Notable FedEx Comments Of September 18, 2012

Yesterday, FedEx conducted their Q1 2013 Earnings Conference call.  A New York Times article dated September 18, titled “FedEx Lowers Forecast, Citing Weak Economy” summarizes various aspects of FedEx’s results and outlook.

While I found several comments and forecasts to be interesting, I found a couple of statements by Frederick W. Smith regarding global trade, seen in the FedEx Earnings Conference call transcript, to be particularly noteworthy.

Here is the first:

Frederick W. Smith – Founder, Executive Chairman, Chief Executive Officer and President

This is Fred Smith. Let me weigh in here, Tom. I mean, fundamentally, what’s happening is that exports around the world have contracted, and the policy choices in Europe and the United States and China are having an effect on global trade. Global trade has grown faster than GDP, except for the 2000, 2001 meltdown and 2008 and 2009, for 25 years. And over the last few months, that has not been the case. So that’s what’s really going on, is that exports and trade have gone down at a faster rate than GDP has.

Here is the second:

Frederick W. Smith – Founder, Executive Chairman, Chief Executive Officer and President

I can tell you this on China. The locomotive that has driven China’s growth is its export industries. And with the situation in Europe and, to a lesser degree, in North America, that is a significant issue for the Chinese economy. Now the consumer consumption in China is not increasing at a significant rate, contrary to everybody’s hopes. While exports from, say, the United States into China have grown, they are dwarfed by the exports from China into the United States. And as the big economies in Europe and the U.S. have grown or contracted — grown at a far lesser rate or, in the case of certain European countries, have contracted, that’s reflected in the numbers in China. And you can’t escape that. I’ve been somewhat amused watching some of the China observers, I think, completely underestimate the effects of the slower exports on the overall China economy.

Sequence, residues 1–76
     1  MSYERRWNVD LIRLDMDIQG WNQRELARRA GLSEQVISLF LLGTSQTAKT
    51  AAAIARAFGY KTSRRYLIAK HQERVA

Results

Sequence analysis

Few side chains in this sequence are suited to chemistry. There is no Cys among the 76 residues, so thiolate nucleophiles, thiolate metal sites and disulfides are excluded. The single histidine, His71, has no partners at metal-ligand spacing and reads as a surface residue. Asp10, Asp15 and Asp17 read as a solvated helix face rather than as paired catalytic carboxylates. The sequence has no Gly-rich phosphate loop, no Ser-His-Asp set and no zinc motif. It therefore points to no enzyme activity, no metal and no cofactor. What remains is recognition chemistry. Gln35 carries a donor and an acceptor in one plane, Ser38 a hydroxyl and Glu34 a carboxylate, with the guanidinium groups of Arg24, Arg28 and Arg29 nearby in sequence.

For reference, here is a chart, on a daily basis from October 2008, displaying stock prices of UPS, FedEx, the Dow Jones Transportation Index, and the Dow Jones Industrials:

(click on chart to enlarge image)(chart courtesy of; chart creation and annotation by the author)


The Special Note summarizes my overall thoughts about our economic situation

SPX at 1461.43 as this post is written